Monday, September 14, 2009

Everyone knows that governments lie, and one of the ways that they lie is by attempting to control the way things are referred to. The most famous example of this sort of thing is, of course, the phrase "collateral damage" which refers to the reality of "civilians killed". Examples are endless, and our dearly beloved federal Conservative government is one of the masters of this practice. Here's a little article from the Harper Index, a website devoted to keeping a close eye on the machinations of Sneaky Stevie and his band of unmerry men. Go on over and have a look.
Language change foisted on diplomatic corps:
Humanitarian concerns conflict with Conservative frame, minister dares staff to challenge him.
OTTAWA, September 10, 2009, The Harper government has instructed diplomatic staff to adopt politically-approved language and rhetoric on international human rights and diplomacy and demanded they not use expressions that contradict the Conservative world view.

This summer, the Canadian news publication Embassy received a leaked copy of language guidelines issued to foreign affairs staff.

"Among the changes identified are the excising of the word 'humanitarian' from each reference to 'international humanitarian law,' replacing the term 'gender equality' with 'equality of men and women', switching focus from justice for victims of sexual violence to prevention of sexual violence, and replacing the phrase 'child soldiers' with 'children in armed conflict,'" the magazine reported.

The story resulted in a minor controversy most Canadians missed over the summer, with the government at first denying that the changes are meaningful then, later, admitting that they are deliberate acts of policy.

"I've told my people that this is the policy that we carry out and if anybody is not happy with these policies that we're carrying out, well all they have to do is go and run in the next election and get themselves elected and support a policy that is different from ours," foreign affairs minister Lawrence Cannon told Embassy. He said "... we're going to be changing policies so that they reflect what Canada's values are and what Canadians said when they supported us during the last election. That's the role of government, that's the role of an elected official."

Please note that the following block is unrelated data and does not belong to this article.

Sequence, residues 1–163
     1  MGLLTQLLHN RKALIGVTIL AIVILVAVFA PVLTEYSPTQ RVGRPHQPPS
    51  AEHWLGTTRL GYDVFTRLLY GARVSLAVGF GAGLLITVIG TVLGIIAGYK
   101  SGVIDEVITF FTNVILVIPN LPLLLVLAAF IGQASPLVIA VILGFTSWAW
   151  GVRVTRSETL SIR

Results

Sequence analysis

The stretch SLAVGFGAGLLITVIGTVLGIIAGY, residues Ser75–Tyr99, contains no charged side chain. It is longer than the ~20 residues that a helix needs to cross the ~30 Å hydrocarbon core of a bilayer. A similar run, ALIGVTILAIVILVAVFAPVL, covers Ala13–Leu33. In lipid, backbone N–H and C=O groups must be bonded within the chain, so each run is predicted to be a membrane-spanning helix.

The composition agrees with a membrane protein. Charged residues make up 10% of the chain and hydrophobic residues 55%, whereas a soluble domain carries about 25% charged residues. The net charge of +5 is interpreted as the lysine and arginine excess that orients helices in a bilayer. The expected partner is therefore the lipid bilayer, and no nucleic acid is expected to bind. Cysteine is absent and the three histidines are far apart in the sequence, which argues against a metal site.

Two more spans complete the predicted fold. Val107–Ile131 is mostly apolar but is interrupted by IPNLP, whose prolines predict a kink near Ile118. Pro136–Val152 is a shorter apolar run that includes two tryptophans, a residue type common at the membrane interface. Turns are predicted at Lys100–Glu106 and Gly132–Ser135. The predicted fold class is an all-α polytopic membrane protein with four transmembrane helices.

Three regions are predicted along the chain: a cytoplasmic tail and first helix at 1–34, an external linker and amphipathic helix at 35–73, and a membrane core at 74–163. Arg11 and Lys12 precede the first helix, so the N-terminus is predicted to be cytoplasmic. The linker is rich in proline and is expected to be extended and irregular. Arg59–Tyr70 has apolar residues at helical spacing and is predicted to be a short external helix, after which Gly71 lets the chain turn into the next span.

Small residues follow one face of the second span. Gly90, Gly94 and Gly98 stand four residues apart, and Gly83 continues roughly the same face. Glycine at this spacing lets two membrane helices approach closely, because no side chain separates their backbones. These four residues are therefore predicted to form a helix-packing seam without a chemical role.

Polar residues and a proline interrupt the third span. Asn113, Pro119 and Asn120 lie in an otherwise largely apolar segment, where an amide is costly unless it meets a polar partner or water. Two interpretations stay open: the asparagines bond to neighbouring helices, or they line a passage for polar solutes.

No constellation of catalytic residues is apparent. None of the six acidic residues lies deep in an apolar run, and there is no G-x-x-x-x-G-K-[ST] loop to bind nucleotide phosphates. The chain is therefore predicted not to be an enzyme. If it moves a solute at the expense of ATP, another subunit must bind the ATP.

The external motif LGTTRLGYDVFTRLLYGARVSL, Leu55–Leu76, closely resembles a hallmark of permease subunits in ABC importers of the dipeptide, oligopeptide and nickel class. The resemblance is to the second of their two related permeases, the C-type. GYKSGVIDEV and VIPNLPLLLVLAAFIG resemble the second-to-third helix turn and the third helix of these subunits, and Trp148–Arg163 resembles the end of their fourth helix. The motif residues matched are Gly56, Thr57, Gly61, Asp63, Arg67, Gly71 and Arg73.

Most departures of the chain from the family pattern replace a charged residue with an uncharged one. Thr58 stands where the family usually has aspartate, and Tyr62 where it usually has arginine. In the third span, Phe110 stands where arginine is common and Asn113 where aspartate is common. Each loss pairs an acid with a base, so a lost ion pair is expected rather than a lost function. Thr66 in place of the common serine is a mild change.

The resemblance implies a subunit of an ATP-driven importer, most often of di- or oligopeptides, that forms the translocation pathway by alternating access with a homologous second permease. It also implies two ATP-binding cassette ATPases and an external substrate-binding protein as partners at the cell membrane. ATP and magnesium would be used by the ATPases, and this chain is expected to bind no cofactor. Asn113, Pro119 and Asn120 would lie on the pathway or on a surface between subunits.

The changes, while seemingly minor in some cases, could have a profound impact on Canadian foreign policy. "There are people who don't like Canada to be a leading humanitarian. There are people who think that's revolting," Desmond Morton, a historian and former director of McGill University's Institute for the Study of Canada, told CBC's The Current. Many believe the shift away from the term "child soldier" is intended to protect the government from charges it is mishandling the Omar Khadr case.

General Roméo Dallaire, who started the Child Soldiers Initiative, called the semantic shift "an instrument of camouflage".

Human rights experts such as Alex Neve of Amnesty International were astounded at the implications of the language edicts. "International humanitarian law is referred to...because the legal obligations that are at stake are from that particular area of law, which is an incredibly important area of law, it's essentially the law that governs in the midst of war," Neve told Embassy.

Another example is that the minister's office has removed the words "impunity" and "justice" from calls for an end to sexual violence in the Democratic Republic of the Congo. The approved language now refers only to "preventing" sexual violence.

Harper Conservative vs. Public Values Frame
Excising of the word "humanitarian" / Humanitarian
Gender equality / Equality of men and women
Justice for victims of sexual violence / Prevention of sexual violence
Children in armed conflict / Child soldiers
Harper Index ( is a project of the Golden Lake Institute and the online publication

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